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Vancouver Gas Town

Established the same year that Canada became a nation, Gastown grew into Canada’s third largest city and one of its most cosmopolitan. But the Gastown district today retains its historic charm, independent spirit and distinctiveness. There’s no mistaking Gastown for any other area of Vancouver, or of Canada for that matter.

Today, Gastown is a refreshing mix of old and new, downhome and upscale, a place for tourists, Vancouver residents and office workers alike. Various shops have the streets buzzing during the day. A host of restaurants and nightspots keeps the area humming into the wee hours. And, more and more, Gastown is becoming home to permanent residents…just like in the old days.

Visit the world's first Steam Clock - each 1/4 hour the clock sounds Westminster chimes on 5 brass steam whistlers. The 1875 replica movement is powered by a 'falling ball' drive. Designed and built by Raymond Saunders in 1977, it has a cast bronze case and weighs over 2 tons.

'Gassy" Jack Deighton's historic saloon/hotel was destroyed in the Great Fire of 1886. The fire, that completely destroyed Vancouver, was started by a Canadian Pacific Railway clearing fire that burned out of control. In less than an hour, only two of the 400 original houses were left standing. The statue of the loquacious Gassy Jack stands in Maple Tree Square.

The Fisherhead Water Fountain stands near the Lamplighter Pub in the Dominion Hotel - it was the first Vancouver establishment to serve alcohol to women.

Historical references, such as Bloody Alley and Gaolers Mews , date from 1850s, where bloody brawls within the former resulted in incarceration in a small unlocked cabin in the latter. Gastown's first constable, Jonathan Miller, ankle-chained the prisoners who were then guarded by John Clough, a one-armed drunkard.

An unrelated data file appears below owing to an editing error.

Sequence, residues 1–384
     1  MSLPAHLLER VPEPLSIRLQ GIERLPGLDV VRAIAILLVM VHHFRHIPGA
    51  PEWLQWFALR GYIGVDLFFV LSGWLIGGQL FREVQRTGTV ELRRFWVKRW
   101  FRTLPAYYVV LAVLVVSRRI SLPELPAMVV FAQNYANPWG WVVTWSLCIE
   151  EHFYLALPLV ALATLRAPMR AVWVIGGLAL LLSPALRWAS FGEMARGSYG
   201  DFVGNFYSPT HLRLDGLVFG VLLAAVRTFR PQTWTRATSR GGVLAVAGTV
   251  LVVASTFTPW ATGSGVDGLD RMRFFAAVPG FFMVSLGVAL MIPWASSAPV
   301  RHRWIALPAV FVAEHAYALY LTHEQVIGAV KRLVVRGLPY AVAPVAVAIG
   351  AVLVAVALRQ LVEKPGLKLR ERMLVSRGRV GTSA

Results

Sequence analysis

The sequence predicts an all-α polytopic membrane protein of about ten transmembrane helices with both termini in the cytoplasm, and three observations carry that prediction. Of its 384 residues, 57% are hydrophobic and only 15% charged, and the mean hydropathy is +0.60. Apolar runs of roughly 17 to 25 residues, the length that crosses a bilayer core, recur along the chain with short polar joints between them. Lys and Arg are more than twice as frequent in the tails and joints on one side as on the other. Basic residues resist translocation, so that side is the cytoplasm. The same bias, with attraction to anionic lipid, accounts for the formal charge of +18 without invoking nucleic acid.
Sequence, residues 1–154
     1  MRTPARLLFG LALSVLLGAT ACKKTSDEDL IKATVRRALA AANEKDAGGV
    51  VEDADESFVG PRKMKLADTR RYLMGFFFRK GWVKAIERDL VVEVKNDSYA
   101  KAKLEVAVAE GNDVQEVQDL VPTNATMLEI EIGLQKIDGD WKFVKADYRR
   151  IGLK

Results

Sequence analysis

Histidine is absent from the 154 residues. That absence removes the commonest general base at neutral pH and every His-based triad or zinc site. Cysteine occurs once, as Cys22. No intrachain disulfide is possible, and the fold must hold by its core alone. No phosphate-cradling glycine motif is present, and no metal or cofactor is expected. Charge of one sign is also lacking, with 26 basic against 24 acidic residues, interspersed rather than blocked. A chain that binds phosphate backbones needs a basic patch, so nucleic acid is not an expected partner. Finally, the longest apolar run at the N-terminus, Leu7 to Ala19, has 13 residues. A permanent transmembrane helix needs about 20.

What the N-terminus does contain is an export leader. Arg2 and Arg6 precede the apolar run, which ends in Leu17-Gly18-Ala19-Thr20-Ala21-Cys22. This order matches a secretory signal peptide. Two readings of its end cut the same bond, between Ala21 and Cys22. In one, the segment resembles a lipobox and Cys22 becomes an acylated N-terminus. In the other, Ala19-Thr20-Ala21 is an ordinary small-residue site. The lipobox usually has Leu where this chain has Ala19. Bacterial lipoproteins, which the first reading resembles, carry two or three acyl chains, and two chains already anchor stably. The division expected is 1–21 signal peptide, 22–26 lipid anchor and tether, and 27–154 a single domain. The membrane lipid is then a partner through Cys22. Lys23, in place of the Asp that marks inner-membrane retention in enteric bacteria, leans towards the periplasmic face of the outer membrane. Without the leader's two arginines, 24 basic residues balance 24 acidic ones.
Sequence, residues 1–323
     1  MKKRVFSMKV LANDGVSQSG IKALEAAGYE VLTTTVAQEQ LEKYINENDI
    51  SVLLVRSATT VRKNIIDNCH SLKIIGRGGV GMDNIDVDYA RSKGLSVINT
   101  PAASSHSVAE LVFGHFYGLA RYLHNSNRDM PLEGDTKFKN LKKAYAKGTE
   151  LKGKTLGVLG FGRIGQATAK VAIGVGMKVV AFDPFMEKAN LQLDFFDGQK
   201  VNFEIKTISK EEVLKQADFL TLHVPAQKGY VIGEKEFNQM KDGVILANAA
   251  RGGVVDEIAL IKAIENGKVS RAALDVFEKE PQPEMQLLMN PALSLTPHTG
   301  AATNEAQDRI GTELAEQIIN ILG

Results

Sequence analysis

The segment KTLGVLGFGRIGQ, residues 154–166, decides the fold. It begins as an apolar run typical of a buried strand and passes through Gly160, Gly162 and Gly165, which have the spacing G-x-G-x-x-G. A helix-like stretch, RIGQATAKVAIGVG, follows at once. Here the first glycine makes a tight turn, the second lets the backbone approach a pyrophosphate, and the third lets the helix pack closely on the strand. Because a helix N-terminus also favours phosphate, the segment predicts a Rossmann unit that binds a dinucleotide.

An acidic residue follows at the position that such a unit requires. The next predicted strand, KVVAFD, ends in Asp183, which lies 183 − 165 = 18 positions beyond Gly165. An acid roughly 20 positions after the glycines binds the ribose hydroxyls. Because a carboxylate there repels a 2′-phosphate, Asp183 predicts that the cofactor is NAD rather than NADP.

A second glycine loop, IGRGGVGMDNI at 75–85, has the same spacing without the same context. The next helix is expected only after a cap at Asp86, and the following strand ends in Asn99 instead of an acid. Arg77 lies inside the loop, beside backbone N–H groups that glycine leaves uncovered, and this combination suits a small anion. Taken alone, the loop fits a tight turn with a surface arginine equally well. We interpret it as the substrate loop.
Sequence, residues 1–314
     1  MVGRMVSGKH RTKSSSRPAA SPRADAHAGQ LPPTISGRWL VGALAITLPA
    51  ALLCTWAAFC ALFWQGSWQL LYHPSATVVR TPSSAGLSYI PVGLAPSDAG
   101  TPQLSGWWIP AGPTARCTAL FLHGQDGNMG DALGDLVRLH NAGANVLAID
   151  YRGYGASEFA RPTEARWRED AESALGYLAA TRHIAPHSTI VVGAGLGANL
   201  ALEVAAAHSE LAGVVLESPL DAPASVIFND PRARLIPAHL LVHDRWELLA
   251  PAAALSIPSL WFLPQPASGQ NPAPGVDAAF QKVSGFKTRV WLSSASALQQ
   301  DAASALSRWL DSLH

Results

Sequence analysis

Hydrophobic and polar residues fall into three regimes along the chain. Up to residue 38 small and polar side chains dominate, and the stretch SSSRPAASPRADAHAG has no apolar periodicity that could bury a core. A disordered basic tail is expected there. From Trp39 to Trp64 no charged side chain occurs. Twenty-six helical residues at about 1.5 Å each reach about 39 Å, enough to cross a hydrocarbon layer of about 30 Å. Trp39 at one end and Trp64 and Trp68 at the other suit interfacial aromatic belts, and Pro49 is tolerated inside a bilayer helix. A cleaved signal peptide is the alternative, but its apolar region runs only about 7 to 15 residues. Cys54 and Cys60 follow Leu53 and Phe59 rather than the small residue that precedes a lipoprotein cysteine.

The Europe Hotel , was built in 1892 by Italian businessman, Angelo Colari. Known in its day as the finest hotel in town, it was the first fireproof building in western Canada.

Gastown is home to several prominent galleries representing the finest selection of Canadian Native art and sculpture in Western Canada.

The 300 block of West Cordova Street is one of Vancouver's best kept secrets. Nowhere else will you find collectibles, antiques, Canadian designer fashions, and funky eateries on one block.

A popular walking tour of Gastown is conducted daily from June through August. The free 90-minute tour starts from the Gastown Steam Clock and Gassy Jack statue in Maple Tree Square. For tour schedules, contact the Gastown Business Improvement Society, (604) 683-5650.

Vancouver Gastown is close to Vancouver's downtown business core and hotels. To the west is the spectacular Canada Place, it is an easy five minute walk from the Cruise Ship Terminal or the Trade & Convention Centre. To the east where Gastown and Chinatown meet is the Sun Yat Sen Gardens. To the south are BC Place, GM Place and International Village.

Vancouver Gastown is easily accessible by SkyTrain, Vancouver's rapid transit system, SeaBus (ferry service from the North Shore), West Coast Express and city buses from all areas of Vancouver and the Lower Mainland.